Even ARLP, my only coal mining investment, is having problems in this environment. They were profitable enough - probably the only profitable miner left (plus maybe FELP, which reports next week) - but they had nothing remotely good to say on their call. Spot prices are tanking, and ANR even says that contract prices for 2016 are dropping to the mid $ 40s. Each miner has different prices because of location and quality, but the news just keeps getting uglier.
But everyone already knew that. The question is whether we can outlast the downturn. The other question is whether the next president will be any different for coal.
They don't see any relief from exports over the next 2 or 3 years. They don't see any relief from greater utility demand for coal especially with the current president. Relief can only come from higher natural gas prices.
They think production and demand in the Illinois Basin and Northern APP are largely in balance; maybe there's 5 MM tons too much production. CAPP production has to drop by 20 MM tons to be in balance.
Distribution growth will have to be reconsidered if IB coal prices stay where they are for a continued time (duh!).
Is ARLP willing to do a big M&A deal - they will consider everything but they don't see any opportunities at present. Later when someone asked again about consolidation in the industry, they pointed out that the obvious consolidators (the big producers) have way too much debt, making deals harder.
No great surprises, but no one asked about the status of the customer trying to break the contract.
2 topics that were raised by analysts several times on the call - the Murray/FELP deal and whether ARLP and AHGP should combine.
Mr. Craft had a throwaway comment that I thought was interesting. He said that bringing Murray into FELP "might bring some discipline" to the business. Sort of a slap at Chris Cline, I would think. Why did Chris Cline (mostly) sell out ? Mr. Craft doesn't know, but he said that at one time, the Illinois Basin could grow to a 200 MM tons/year area and people don't think that any longer, so maybe Mr. Cline wanted to take some chips off the table.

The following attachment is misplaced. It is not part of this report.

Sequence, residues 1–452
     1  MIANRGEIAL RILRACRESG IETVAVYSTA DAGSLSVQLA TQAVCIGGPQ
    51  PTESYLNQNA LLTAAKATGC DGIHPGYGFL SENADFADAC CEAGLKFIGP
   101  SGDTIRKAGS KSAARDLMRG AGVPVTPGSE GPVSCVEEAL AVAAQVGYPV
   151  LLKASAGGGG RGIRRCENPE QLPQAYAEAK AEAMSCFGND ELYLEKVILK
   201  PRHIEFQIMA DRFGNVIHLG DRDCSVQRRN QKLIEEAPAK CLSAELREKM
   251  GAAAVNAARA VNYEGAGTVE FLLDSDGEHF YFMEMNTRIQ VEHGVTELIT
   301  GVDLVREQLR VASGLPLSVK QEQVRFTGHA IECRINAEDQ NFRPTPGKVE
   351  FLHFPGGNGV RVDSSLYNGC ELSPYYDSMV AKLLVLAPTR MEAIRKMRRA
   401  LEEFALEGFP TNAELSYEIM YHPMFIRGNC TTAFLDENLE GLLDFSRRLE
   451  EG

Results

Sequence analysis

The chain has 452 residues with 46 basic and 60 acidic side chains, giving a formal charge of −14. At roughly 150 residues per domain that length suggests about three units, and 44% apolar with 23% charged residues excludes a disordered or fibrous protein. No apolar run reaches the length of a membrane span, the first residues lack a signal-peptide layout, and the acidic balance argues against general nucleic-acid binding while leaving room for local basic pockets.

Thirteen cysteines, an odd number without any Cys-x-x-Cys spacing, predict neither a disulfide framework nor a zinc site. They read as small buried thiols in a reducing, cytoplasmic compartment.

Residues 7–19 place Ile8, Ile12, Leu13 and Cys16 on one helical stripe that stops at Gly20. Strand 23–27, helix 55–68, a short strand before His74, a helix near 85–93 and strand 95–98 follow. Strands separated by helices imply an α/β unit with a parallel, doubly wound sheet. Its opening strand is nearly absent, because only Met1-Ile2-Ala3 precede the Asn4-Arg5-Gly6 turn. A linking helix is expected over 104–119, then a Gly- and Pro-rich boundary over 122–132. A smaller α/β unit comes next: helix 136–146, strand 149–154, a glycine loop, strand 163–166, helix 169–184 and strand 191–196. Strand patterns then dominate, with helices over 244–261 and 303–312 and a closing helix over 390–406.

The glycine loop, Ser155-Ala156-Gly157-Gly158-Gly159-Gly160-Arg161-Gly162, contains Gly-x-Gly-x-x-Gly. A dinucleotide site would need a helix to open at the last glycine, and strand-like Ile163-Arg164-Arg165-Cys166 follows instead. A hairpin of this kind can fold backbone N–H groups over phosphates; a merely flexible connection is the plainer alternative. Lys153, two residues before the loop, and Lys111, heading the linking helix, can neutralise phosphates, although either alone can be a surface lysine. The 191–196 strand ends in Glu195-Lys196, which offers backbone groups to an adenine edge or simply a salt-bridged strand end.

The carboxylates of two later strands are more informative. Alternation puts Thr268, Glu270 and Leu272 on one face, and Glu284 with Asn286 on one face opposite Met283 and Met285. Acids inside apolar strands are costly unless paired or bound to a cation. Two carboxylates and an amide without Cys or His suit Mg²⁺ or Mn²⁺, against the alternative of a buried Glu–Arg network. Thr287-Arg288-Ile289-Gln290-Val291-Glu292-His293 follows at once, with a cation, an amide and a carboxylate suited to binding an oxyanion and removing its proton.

Why keep ARLP/AHGP separate? Flexibility - maybe do financing at the AHGP level (the Murray deal did that) or maybe grow AHGP in other non-coal areas, like midstream. I thought the answers were nonsense, but Mr. Craft controls the GP so he calls the shots. I would guess the real reason is price - Mr. Craft's ownership is mostly in AHGP, and there isn't any significant premium to AHGP's price just now, so why should he do any combination if he's not dealing from a position of strength?
Other comments - Spot prices in both IB and NAPP dropped 10-15% (my question - I assume that's from Q4 pricing, but they were not specific). No surprise there.
They hope that fewer rigs will lead to lower natural gas production which could lead to higher natural gas prices (to the $ 4 range) by the 2016/2017 time frame. (my comment - if natural gas stays at $ 2.50 for another year, the devastation we have already seen in coal will look like a walk in the park compared to what things will look like.) Why hasn't production dropped yet? Because producers have hedges that make production profitable. Wait until the hedges run off before you will see production declines.
More in the next post.
To say ARLP's performance was better than the rest of the coal industry is faint praise, indeed.
I'm happy with the distribution increase. I'd have been satisfied if they held it flat. I recently watched (from the sidelines, fortunately) as NRP cut its distribution 75% after cutting it 36% a year ago. So anything other than a cut is good news to me.
Because of ARLP's contract situation, the Q1 sales, EBITDA etc were pretty much fixed from the start. They could have been better if not for the weather-related problems, but that would just have been icing on the cake.
There is a downside to the results, though. It appears ARLP did not contract to sell a single additional ton of coal in the Q. The contracted amounts look to be identical to the amounts at December 31. On the other hand, that indicates that no other customer is trying to break its contracts with ARLP. Last Q, when ARLP disclosed the contract dispute, they removed that customer's sales totals from the contracted sales amounts. So since the contracted amounts are the same as in December, I assume that means no one else is trying to break its contract. In today's coal market, that counts as good news.
A year ago with the Q1 2014 earnings release, ARLP announced that it had contracted for 29 MM tons in 2015. Today, they say that have 28.9 MM tons contracted for 2016. So I guess they will contract for the rest of their 2016 production as 2015 progresses. They may to cut production again to match up better with sales. But ARLP/AHGP looks like the only definite survivor in coal-land. Maybe FELP, too, but its contract situation is scary and I don't know anything about Murray.
Considering the environment, a really good quarter at first glance. I'll have to read more and listen to tomorrow's call. I didn't see anything about the contract dispute or whether any other customers were trying to break their contracts.
Let's see what management has to say tomorrow. In the meantime, like you, I sure hope this is a bottom.
I think Q1 will be OK, but it's the commentary about the business, the next few years and White Oak that matters. I wonder if they've sold any new coal since December.
I can't see any of the commentary being at all positive, but right now the units are trading like it's the end of coal. Mostly, I hope they don't say anything about being interested in buying more coal assets because of the downturn.